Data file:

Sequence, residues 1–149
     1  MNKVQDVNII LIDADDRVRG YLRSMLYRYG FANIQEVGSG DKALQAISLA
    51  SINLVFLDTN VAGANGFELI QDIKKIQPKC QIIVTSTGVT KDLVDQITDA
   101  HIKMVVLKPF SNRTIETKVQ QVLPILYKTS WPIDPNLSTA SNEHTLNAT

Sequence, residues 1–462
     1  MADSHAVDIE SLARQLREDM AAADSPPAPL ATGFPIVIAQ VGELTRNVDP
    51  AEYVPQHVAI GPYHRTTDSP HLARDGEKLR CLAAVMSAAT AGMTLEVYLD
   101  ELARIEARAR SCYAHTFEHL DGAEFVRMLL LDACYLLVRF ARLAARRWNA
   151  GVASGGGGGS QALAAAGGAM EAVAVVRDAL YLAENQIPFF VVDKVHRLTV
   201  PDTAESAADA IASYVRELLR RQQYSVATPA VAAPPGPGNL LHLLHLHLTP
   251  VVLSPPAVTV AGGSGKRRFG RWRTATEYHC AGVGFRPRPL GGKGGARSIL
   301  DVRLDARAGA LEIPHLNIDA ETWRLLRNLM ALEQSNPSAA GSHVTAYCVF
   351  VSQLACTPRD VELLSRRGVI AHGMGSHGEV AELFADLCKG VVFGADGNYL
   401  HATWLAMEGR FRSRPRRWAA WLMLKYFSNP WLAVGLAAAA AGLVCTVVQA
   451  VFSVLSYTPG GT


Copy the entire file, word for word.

Sequence, residues 1–149
     1  MNKVQDVNII LIDADDRVRG YLRSMLYRYG FANIQEVGSG DKALQAISLA
    51  SINLVFLDTN VAGANGFELI QDIKKIQPKC QIIVTSTGVT KDLVDQITDA
   101  HIKMVVLKPF SNRTIETKVQ QVLPILYKTS WPIDPNLSTA SNEHTLNAT

Sequence, residues 1–462
     1  MADSHAVDIE SLARQLREDM AAADSPPAPL ATGFPIVIAQ VGELTRNVDP
    51  AEYVPQHVAI GPYHRTTDSP HLARDGEKLR CLAAVMSAAT AGMTLEVYLD
   101  ELARIEARAR SCYAHTFEHL DGAEFVRMLL LDACYLLVRF ARLAARRWNA
   151  GVASGGGGGS QALAAAGGAM EAVAVVRDAL YLAENQIPFF VVDKVHRLTV
   201  PDTAESAADA IASYVRELLR RQQYSVATPA VAAPPGPGNL LHLLHLHLTP
   251  VVLSPPAVTV AGGSGKRRFG RWRTATEYHC AGVGFRPRPL GGKGGARSIL
   301  DVRLDARAGA LEIPHLNIDA ETWRLLRNLM ALEQSNPSAA GSHVTAYCVF
   351  VSQLACTPRD VELLSRRGVI AHGMGSHGEV AELFADLCKG VVFGADGNYL
   401  HATWLAMEGR FRSRPRRWAA WLMLKYFSNP WLAVGLAAAA AGLVCTVVQA
   451  VFSVLSYTPG GT